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Governor Gina Raimondo will sign an executive order to establish the policy, making Rhode Island the sixth state in the country to do so. President Donald Trump is also considering a similar order, sources told Bloomberg News.
Ms Raimondo said she was spurred to action by the tragedy in Parkland, Florida, where 17 people were killed when a gunman opened fire on Marjory Stoneman Douglas High School.
“[Rhode Island] isn’t going to wait a minute longer for Congress to take action on gun violence,” Ms Raimundo tweeted. “If they won’t act, we will.”
The new policy gives requires people to turn over their firearms and prevents them from buying new ones if a judge determines they pose an imminent danger. A court hearing must be held within 21 days, and the order can be extended after that.
The FBI and a local sheriff’s office both received repeated tips about troubling behaviour the alleged Parkland shooter, 19-year-old Nikolas Cruz, and failed to follow up. The Rhode Island version of the policies allows for family members – not just law enforcement officials – to file a petition to have the guns removed.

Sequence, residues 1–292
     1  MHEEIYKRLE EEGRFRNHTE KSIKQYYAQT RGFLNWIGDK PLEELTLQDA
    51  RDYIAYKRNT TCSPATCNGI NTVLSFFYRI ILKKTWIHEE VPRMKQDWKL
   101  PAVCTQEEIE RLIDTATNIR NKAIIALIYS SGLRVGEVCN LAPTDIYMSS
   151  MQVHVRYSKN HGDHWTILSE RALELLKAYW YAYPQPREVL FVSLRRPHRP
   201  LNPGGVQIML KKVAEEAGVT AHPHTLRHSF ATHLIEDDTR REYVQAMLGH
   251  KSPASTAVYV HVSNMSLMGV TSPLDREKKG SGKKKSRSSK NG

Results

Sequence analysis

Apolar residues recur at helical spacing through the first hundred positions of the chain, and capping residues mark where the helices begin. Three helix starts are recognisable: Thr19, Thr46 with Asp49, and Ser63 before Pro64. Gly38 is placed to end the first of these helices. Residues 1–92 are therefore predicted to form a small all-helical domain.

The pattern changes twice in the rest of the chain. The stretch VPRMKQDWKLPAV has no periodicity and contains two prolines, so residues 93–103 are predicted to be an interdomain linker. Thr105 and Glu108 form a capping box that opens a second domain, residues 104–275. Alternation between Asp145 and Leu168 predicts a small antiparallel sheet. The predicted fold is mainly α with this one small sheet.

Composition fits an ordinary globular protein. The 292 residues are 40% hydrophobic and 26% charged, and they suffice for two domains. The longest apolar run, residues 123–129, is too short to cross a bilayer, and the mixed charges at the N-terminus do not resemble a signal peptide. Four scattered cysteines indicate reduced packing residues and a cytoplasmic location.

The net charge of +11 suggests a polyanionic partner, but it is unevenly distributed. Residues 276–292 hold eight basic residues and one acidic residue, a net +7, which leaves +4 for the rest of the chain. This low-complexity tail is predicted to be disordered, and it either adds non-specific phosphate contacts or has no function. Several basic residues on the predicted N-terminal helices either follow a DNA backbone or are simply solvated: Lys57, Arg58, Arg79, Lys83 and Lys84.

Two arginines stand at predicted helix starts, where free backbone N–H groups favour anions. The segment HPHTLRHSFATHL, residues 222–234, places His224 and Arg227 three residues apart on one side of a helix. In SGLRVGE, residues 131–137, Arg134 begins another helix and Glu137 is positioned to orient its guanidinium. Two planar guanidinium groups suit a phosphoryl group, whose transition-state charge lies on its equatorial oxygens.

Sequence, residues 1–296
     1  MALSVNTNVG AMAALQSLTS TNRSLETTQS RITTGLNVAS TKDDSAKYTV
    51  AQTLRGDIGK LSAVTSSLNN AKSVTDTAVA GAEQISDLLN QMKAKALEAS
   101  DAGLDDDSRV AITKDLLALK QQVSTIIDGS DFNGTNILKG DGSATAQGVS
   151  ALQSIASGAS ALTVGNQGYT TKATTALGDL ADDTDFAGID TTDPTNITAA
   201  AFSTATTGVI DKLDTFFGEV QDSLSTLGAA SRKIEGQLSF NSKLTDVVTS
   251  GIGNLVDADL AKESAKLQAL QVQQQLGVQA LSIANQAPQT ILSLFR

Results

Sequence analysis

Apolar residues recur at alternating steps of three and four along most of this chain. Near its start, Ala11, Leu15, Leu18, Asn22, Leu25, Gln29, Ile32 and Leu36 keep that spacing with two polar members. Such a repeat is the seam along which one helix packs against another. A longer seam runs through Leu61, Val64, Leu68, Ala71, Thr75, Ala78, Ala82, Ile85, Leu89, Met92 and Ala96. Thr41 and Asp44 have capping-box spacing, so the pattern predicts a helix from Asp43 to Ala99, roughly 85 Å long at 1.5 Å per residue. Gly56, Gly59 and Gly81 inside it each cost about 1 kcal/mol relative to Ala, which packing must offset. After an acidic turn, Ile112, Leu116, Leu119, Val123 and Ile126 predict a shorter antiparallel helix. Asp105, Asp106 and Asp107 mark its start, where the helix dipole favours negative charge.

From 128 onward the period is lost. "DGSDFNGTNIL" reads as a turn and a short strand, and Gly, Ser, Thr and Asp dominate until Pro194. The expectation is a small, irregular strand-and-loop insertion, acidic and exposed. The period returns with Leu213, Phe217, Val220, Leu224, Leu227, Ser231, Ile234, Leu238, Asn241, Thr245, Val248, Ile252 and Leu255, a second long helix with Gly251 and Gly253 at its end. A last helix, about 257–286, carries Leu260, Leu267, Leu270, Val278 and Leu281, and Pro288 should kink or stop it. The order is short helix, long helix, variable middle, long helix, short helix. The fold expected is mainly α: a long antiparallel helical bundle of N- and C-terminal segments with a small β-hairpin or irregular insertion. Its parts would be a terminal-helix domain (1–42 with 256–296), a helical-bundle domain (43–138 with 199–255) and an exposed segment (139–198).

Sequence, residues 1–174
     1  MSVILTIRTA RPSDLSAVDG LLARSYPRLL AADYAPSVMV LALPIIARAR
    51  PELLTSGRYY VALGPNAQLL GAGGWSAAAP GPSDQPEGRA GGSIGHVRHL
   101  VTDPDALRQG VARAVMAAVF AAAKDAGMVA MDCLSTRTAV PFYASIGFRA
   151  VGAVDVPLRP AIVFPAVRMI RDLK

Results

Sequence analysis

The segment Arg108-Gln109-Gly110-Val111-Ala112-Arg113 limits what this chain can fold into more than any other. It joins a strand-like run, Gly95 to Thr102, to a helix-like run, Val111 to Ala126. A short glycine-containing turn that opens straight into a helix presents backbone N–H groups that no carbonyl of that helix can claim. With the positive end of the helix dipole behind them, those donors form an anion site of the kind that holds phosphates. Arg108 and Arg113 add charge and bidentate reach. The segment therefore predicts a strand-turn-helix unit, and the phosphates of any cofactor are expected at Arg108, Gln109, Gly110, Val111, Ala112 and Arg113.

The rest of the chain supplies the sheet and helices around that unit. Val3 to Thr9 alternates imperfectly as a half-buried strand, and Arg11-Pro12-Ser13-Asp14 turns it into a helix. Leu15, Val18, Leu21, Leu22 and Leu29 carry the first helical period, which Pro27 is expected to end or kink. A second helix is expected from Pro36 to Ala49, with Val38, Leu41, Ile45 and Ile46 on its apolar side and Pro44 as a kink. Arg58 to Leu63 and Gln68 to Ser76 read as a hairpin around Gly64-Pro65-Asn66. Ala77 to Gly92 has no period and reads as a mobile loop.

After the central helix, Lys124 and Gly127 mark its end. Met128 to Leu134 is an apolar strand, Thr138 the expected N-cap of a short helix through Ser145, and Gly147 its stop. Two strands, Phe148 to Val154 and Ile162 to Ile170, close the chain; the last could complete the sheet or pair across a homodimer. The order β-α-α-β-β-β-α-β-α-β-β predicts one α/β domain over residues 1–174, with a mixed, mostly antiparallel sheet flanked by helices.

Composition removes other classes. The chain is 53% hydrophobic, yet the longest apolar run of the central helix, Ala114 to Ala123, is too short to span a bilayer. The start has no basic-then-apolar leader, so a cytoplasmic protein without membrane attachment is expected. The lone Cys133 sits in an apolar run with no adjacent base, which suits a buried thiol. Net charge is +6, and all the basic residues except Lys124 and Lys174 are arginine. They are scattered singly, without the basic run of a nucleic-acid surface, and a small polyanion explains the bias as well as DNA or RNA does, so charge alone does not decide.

The Rhode Island Police Chiefs Association voted unanimously last week to ask the state’s general assembly to pass a similar law. Ms Raimondo also urged the legislature to pass the law, which could be repealed less easily than an executive order.
Advocates say the law will help get guns out of the hands of dangerous individuals, possibly preventing shootings like the one in Parkland. Gun-rights advocates like the National Rifle Association, however, argue that allowing a judge to take away someone’s firearms could be a violation of the second amendment.
California, Washington, Oregon, Indiana and Connecticut already have red flag statutes in place. It is unclear how effective these laws are at preventing mass shootings, but a 2016 study from Duke University found that the Connecticut law appeared to have prevented some suicides.
Public polling in the wake of the Florida shooting shows that the majority of Americans support stricter gun control laws, with a CNN-SSRS poll showing that 70 percent of Americans now back tougher gun legislation. The same poll found only 52 per cent favoured such changes after the mass shooting in Las Vegas in October.